“That’s is all good for a tiny competitor like Bruno,” you say, “But what about showing some love for the big guys among us?” To you I have but two pieces of advice: 1) “Lose some weight, fatty,” and 2) “Check out ‘Cyborg’ Abreu’s bad-ass counter to Jordan ‘Dexter’ Shultz’s berimbolo at Grappler’s Quest.”

As Jordan initiates the sweep, Cyborg makes sure to control the free leg, preventing it from coming across his body. This allows him to torque his knee outwards, putting his shin across the delicate inside of Jordan’s knee. While he does this Cyborg prevents Jordan’s attempt to bring his head underneath the legs by scooping his head with a crossface. With all of these elements in place, Cyborg is able to escape the berimbolo before using his own fancy back take to win by a quick choke. The entire match is fantastic, especially the hapless guy getting choked unconscious in the background.


Eduardo ‘Teta’ Rios – Re-berimbolo to the dreaded counter re-berimbolo


Probably the most elegant option I have encountered is exemplified by Eduardo ‘Teta’ Rios in his fantastic video talking about style and advanced techniques in Jiu Jitsu. Teta (in white) has both in abundance, and shows how his opponent (in black) can counter his berimbolo attempt with a re-berimbolo. The premise is similar to using an armdrag to counter your opponent’s armdrag. In that case whoever can drop their weight faster tends to win. With the berimbolo counter it seems that whoever is able to escape their hips to a greater degree will be more likely to take the back.

In the above animation, the opponent in black reaches through to the collar grip, although there it would be equally appropriate to use the belt grip as well. As he rolls away from Teta’s berimbolo, he attempts to use both legs to wrap up Teta’s, pressuring them to reveal the back. Teta, however is able to perform a counter to the counter by inverting once again and rolling hard into another berimbolo. This time he is able to sweep his opponent.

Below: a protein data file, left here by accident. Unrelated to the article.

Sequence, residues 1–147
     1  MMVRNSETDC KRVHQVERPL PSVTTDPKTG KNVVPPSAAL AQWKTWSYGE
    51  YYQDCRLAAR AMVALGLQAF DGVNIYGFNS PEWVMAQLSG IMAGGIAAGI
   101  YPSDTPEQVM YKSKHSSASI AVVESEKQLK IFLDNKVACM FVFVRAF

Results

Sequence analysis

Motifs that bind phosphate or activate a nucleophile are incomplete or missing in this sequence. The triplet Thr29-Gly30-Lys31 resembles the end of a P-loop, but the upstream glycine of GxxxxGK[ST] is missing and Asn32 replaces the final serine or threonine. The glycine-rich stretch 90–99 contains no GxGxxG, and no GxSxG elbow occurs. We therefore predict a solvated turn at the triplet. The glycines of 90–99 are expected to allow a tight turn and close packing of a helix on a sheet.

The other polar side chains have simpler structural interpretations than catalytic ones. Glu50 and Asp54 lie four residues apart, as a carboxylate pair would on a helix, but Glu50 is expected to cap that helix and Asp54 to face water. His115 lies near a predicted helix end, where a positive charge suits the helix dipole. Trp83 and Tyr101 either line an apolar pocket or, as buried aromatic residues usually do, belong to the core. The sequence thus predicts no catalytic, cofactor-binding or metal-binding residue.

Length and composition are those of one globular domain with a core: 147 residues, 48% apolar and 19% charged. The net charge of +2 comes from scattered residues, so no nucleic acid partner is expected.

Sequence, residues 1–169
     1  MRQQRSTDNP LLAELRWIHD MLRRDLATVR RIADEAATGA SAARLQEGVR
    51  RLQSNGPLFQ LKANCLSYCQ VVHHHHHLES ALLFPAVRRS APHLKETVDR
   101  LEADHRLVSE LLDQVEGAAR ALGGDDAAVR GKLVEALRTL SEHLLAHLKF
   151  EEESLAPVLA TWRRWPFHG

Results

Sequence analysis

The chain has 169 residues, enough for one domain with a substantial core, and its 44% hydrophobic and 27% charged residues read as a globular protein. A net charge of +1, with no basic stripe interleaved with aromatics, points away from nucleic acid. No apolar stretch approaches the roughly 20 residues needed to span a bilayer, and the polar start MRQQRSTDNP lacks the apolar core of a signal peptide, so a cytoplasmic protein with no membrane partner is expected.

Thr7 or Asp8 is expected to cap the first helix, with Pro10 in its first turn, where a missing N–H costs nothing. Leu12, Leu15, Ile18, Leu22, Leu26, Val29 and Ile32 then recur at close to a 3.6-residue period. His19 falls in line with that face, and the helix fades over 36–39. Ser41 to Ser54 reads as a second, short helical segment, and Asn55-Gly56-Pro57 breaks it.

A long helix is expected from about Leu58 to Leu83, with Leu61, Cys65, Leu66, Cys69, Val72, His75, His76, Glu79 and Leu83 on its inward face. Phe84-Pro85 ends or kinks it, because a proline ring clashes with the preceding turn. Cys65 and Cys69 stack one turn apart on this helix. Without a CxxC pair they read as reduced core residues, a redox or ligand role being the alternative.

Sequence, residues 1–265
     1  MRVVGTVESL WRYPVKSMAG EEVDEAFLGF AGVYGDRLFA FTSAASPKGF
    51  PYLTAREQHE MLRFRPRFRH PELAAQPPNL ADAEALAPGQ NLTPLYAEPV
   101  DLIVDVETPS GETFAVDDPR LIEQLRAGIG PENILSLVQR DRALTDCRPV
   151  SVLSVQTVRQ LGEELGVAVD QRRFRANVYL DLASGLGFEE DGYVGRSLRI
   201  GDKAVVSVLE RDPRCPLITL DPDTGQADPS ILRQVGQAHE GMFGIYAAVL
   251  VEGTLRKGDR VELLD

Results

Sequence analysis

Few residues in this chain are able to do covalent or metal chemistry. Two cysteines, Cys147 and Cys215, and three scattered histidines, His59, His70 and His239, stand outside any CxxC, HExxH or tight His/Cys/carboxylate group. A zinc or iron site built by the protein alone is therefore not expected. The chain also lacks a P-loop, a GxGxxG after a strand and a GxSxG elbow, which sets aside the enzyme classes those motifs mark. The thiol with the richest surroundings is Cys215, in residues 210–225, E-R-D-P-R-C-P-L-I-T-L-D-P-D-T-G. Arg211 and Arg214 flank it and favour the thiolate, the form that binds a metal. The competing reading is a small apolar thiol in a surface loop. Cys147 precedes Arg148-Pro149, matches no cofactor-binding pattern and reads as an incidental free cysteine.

This doesn’t mean, however, that the re-berimbolo is defunct, although a great deal of practice is needed to automatically roll into it when your opponent attempts the sweep. While not exactly a counter berimbolo, the following video from Davin Maxwell explores further options for countering the berimbolo with a counter back take.


Davin Maxwell – Back take counter to the berimbolo 


Regardless of the approach you decide to take it’s likely that at some point you will be faced with having to counter the trendiest sweep in the Jiu Jitsu world right now. Many white and blue belts are working feverishly on perfecting the berimbolo (often ignoring their fundamental techniques); how awesome is it going to be to stuff these little punk’s attempts with a back take of your own? Very awesome. But don’t forget your own fundamentals; the best defense is still not getting their in the first place. Try to block your opponent from getting to their favored positions – this case the de la Riva guard. But if they get there you now hopefully have an abundance of ammunition to initiate your counter-attack.

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Filed under Jiu Jitsu Technique

8 responses to “Operation: Berimbolo Counter-Attack

  1. Justin Pynn

    Great break down for dealing with the Berimbolo. I have been exploring several of these options recently as several of my sparring partners have taken to using the Berimbolo. I found killing the leg the simplest of these methods with the most options afterwards. Coming from a leg lock background, I nearly fell into the trap of attacking the leg as my counter. Really enjoying reading your posts.
    Take care,


  2. Mike D

    I just did the World Pro Trials in NYC today(lost my first fight) and the Berimbolo was in full force. Learn it at blue and expect it a purple, ignore at your own peril.

  3. i saw 2 faded blues and several purple belts doing it at Gracie Barra Pernambuco this past week. expect to see it all over the pan ams. the cyborg counter has been my best response to it in general, that or crushing the de la riva hook before it gets deep.

    • bobloblaw

      I’ve noticed that the people that are good at it always have their hips off the ground in which case the cyborg gif counter above would be harder to do than simply control the other leg and just rolling with them.

  4. Very well written. It’s just a matter of time before everyone will learn how to stuff this attack and its popularity will fall. Down side to this style is the popularity is promoting competitions where both competitors drop down to there butts at the start of the match. I dont have a problem with guard pulls but I feel when both guys drop to their butts it makes our martial art look very unauthentic. and unrealistic.

  5. E

    How about an article on how to pass the reverse de la Riva?

  6. A lot for me to digest, but thanks for the great insight.

  7. Jeff

    Seeing the Berimbolo a lot at the blue belt level lately. Thanks for the great article